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From Pat Ferrel <>
Subject Re: Streaming and incremental cooccurrence
Date Sat, 18 Apr 2015 15:50:57 GMT
I think you are saying that instead of val newHashMap = lastHashMap ++ updateHashMap, layered
updates might be useful since new and last are potentially large. Some limit of updates might
trigger a refresh. This might work if the update works with incremental index updates in the
search engine. Given practical considerations the updates will be numerous and nearly empty.

On Apr 17, 2015, at 7:58 PM, Andrew Musselman <> wrote:

I have not implemented it for recommendations but a layered cache/sieve
structure could be useful.

That is, between batch refreshes you can keep tacking on new updates in a
cascading order so values that are updated exist in the newest layer but
otherwise the lookup goes for the latest updated layer.

You can put a fractional multiplier on older layers for aging but again
I've not implemented it.

On Friday, April 17, 2015, Ted Dunning <> wrote:

> Yes. Also add the fact that the nano batches are bounded tightly in size
> both max and mean. And mostly filtered away anyway.
> Aging is an open question. I have never seen any effect of alternative
> sampling so I would just assume "keep oldest" which just tosses more
> samples. Then occasionally rebuild from batch if you really want aging to
> go right.
> Search updates any more are true realtime also so that works very well.
> Sent from my iPhone
>> On Apr 17, 2015, at 17:20, Pat Ferrel <
> <javascript:;>> wrote:
>> Thanks.
>> This idea is based on a micro-batch of interactions per update, not
> individual ones unless I missed something. That matches the typical input
> flow. Most interactions are filtered away by  frequency and number of
> interaction cuts.
>> A couple practical issues
>> In practice won’t this require aging of interactions too? So wouldn’t
> the update require some old interaction removal? I suppose this might just
> take the form of added null interactions representing the geriatric ones?
> Haven’t gone through the math with enough detail to see if you’ve already
> accounted for this.
>> To use actual math (self-join, etc.) we still need to alter the geometry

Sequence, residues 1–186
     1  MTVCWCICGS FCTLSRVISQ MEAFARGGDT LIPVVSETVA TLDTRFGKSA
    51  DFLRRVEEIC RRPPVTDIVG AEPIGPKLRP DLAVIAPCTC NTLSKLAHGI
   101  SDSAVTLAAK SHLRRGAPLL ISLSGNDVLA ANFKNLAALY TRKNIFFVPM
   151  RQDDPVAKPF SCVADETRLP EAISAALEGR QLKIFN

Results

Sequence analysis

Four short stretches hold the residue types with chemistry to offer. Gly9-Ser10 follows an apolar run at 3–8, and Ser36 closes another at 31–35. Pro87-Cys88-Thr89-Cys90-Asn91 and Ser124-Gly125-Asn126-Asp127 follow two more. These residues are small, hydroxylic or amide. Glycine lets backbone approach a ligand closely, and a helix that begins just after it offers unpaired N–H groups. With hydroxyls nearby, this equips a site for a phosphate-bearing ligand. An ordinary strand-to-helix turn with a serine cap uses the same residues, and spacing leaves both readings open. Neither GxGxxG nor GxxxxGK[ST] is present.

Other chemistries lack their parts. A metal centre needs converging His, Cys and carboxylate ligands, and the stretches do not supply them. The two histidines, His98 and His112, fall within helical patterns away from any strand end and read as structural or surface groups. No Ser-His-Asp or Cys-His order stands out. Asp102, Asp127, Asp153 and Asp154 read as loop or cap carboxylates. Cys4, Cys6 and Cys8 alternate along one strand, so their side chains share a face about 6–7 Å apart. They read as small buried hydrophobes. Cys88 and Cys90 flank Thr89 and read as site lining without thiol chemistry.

> of the interactions to have the same row rank as the adjusted total. In
> other words the number of rows in all resulting interactions must be the
> same. Over time this means completely removing rows and columns or allowing
> empty rows in potentially all input matrices.
>> Might not be too bad to accumulate gaps in rows and columns. Not sure if
> it would have a practical impact (to some large limit) as long as it was
> done, to keep the real size more or less fixed.
>> As to realtime, that would be under search engine control through
> incremental indexing and there are a couple ways to do that, not a problem
> afaik. As you point out the query always works and is real time. The index
> update must be frequent and not impact the engine's availability for
> queries.
>> On Apr 17, 2015, at 2:46 PM, Ted Dunning <
> <javascript:;>> wrote:
>> When I think of real-time adaptation of indicators, I think of this:
>>> On Fri, Apr 17, 2015 at 6:51 PM, Pat Ferrel <
> <javascript:;>> wrote:
>>> I’ve been thinking about Streaming (continuous input) and incremental
> coccurrence.
>>> As interactions stream in from the user it it fairly simple to use
> something like Spark streaming to maintain a moving time window for all
> input, and an update frequency that recalcs all input currently in the time
> window. I’ve done this with the current cooccurrence code but though
> streaming, this is not incremental.
>>> The current data flow goes from interaction input to geometry and user
> dictionary reconciliation to A’A, A’B etc. After the multiply the resulting
> cooccurrence matrices are LLR weighted/filtered/down-sampled.
>>> Incremental can mean all sorts of things and may imply different
> trade-offs. Did you have anything specific in mind?

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